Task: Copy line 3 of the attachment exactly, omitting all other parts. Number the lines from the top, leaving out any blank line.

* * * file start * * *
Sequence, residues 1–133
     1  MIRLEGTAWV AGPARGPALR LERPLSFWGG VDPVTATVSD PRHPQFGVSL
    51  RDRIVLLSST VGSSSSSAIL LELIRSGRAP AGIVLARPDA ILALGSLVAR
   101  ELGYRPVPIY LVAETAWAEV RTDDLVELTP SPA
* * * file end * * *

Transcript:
    51  RDRIVLLSST VGSSSSSAIL LELIRSGRAP AGIVLARPDA ILALGSLVAR